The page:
# Dictionary Learning

One of three approaches to alleviating superposition suggested in Anthropic’s toy models blog post, which has a long history in the sparse coding literature and may even be a strategy employed by the brain.

It was initially most vigorously pursued in a series of reports culminating in Sparse Autoencoders Find Highly Interpretable Features in Language Models. Anthropic then came out with the towards monosemanticity and scaling monosemanticity posts, which are detailed demonstrations of essentially the same technique at increasing scales. Work in this area has since exploded, making it the hottest ticket in mechanistic interpretability as of mid-2024.

The preeminent model for dictionary learning is a sparse autoencoder (SAE), which has a single latent layer whose dimensionality is (unconventionally) much higher than that of the representation space being studied.

Let $x\in \mathbb{R}^D$ be the representation at a particular point in a model (for transformers, often the residual stream in a middle-ish layer), normalised so the mean L2 norm of each dimension is constant (typically $\sqrt{D}$ or $1$). The encoder part of the SAE maps $x$ to a vector of $F\gg D$ latents:

$f(x) = \sigma(W^{enc}x + b^{enc}),$

which are always non-negative due to the activation function $\sigma$ (JumpReLU seems SoTA?). The decoder is a linear mapping of the latents back into a reconstruction of $x$:

$\hat{x} = W^{dec} f(x) + b^{dec}.$

We can interpret $W^{dec}$ as associating each latent $i\in{1,\dots,F}$ with a direction in the representation space, that we can call a feature:

$\text{feature}_i = \frac{W^{dec}_{:, i}}{\|W^{dec}_{:, i}\|_2}$

The activation of feature $i$ for representation $x$ can be defined as

$\text{activation}_i(x) = f_i(x) \cdot \|W^{dec}_{:, i}\|_2$

SAEs are trained with a loss function combining an L2 penalty on the reconstruction loss and a sparsity penality:

$\mathcal{L}=\mathbb{E}_x\Big[\|x-\hat{x}\|_2^2 + \lambda\ \text{sparsity}(x)\Big]$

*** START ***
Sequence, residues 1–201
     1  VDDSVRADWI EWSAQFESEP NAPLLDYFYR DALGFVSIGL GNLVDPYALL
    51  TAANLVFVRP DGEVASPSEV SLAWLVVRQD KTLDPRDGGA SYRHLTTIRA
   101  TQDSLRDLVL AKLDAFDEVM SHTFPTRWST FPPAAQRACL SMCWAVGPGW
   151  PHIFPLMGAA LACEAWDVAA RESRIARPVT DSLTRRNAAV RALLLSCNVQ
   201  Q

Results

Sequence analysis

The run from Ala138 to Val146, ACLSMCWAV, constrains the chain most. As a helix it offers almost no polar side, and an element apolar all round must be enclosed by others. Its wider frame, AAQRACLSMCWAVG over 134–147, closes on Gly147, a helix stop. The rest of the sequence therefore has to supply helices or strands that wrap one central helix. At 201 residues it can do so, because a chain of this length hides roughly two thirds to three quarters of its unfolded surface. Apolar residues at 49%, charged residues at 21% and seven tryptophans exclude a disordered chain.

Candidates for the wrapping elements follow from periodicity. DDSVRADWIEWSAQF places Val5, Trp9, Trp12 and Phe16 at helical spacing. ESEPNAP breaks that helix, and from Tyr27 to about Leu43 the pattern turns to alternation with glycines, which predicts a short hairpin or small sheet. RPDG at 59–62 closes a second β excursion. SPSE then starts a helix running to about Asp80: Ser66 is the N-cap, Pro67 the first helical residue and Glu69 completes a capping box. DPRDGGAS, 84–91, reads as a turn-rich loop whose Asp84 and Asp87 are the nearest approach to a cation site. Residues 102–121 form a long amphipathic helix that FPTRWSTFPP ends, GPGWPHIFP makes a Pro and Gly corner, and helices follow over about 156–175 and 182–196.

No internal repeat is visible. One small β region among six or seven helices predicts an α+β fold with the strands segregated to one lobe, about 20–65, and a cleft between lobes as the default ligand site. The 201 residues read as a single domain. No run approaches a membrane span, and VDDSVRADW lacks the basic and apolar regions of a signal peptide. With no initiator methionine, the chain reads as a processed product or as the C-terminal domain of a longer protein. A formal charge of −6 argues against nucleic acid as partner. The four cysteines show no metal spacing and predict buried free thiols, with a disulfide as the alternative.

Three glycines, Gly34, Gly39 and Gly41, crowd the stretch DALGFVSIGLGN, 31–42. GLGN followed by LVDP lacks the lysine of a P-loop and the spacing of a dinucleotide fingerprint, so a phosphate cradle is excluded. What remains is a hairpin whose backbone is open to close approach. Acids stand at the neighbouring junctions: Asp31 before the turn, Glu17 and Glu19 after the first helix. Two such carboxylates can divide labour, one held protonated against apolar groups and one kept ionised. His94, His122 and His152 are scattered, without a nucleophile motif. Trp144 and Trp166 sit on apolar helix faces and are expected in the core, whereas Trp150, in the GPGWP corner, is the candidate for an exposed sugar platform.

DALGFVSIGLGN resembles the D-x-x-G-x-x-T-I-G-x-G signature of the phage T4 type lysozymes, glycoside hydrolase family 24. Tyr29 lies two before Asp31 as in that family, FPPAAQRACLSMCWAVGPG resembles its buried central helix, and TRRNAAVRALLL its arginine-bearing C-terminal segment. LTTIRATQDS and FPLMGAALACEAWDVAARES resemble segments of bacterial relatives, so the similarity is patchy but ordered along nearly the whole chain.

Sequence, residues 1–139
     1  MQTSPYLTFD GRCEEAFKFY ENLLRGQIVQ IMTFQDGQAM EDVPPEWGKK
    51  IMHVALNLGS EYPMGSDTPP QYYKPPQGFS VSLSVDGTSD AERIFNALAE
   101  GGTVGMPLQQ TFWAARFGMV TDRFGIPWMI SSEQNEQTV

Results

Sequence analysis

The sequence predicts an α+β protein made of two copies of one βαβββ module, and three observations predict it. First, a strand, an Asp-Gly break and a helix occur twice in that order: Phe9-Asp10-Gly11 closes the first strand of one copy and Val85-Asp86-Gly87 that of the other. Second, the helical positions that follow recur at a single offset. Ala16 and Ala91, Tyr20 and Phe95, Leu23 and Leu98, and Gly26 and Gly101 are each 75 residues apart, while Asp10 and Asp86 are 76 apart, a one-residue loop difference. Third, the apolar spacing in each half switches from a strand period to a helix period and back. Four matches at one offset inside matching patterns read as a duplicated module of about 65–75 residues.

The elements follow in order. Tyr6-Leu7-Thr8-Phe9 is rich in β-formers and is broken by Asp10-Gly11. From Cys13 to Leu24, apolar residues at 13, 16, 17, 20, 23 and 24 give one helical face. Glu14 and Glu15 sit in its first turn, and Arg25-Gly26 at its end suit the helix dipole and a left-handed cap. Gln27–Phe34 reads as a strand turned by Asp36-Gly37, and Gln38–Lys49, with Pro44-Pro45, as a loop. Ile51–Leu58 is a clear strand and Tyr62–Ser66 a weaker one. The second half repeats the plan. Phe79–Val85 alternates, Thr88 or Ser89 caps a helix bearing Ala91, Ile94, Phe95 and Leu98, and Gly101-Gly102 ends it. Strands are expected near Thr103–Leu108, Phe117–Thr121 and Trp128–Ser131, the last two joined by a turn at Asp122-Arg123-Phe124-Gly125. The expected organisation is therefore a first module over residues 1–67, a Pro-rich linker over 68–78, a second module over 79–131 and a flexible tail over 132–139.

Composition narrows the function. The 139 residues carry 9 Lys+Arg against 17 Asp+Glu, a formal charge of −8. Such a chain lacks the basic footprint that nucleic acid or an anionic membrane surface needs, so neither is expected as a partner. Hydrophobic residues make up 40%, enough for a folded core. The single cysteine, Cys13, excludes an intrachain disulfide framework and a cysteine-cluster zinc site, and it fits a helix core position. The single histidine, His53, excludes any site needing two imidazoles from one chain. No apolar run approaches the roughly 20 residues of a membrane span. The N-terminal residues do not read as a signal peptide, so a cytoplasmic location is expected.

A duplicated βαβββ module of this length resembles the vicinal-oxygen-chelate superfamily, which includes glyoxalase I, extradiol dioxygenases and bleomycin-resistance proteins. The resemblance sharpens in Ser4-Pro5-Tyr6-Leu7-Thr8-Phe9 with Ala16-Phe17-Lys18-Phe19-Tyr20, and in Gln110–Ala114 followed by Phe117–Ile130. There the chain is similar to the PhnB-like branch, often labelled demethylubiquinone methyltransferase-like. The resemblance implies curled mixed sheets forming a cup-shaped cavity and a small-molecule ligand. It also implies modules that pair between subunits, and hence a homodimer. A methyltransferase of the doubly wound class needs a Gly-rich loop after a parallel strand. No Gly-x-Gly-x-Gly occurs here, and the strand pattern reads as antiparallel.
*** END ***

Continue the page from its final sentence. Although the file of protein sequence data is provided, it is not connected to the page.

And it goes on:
This Anthropic blog post uses an L1 penalty on feature activations (but they may now accept this is no longer SoTA):

$\text{sparsity}(x)=\sum_i |f_i(x)| \cdot \|W^{dec}_{:, i}\|_2.$

The Gemma Scope paper, which open-sources over $400$ learnt dictionaries for several layer of the Gemma 2 models, uses an L0 penalty on latent activations (straight-through estimation is required to make backprop work with this):

$\text{sparsity}(x)=\|f(x)\|_0.$

Find dataset examples with maximum $\text{activation}_i(x)$, compare to random examples. Interpret through manual inspection or another LM.

cosine similarity between feature vectors maps roughly onto conceptual relatedness.

The Gemma Scope paper outlines many open problems, of which I find the following most interesting:

1. Exploring the structure and relationships between SAE features, as suggested in Relational composition in neural networks - A gentle survey and call to action.
2. Comparisons of residual stream SAE features across layers, e.g. are there persistent features that one can match up across adjacent layers?
3. Better understanding the phenomenon of feature splitting, where high-level features in a small SAE break apart into several finer-grained features in a wider SAE.
4. We know that SAEs introduce error, and completely miss out on some features that are captured by wider SAEs. Can we quantify and easily measure “how much” they miss and how much this matters in practice?
5. Using SAEs to improve performance on real-world tasks, e.g. through steering.
6. Do SAEs really find the “true” concepts in a model? How robust are claims about the interpretability of SAE features? How can we measure intepretability?
7. Can SAEs be extended to find nonlinear features, such as those that live in low-rank subspaces Not All Language Model Features Are Linear, or even those that don’t?
8. Understand how features contribute to circuits, e.g. Sparse feature circuits - Discovering and editing interpretable causal graphs in language models.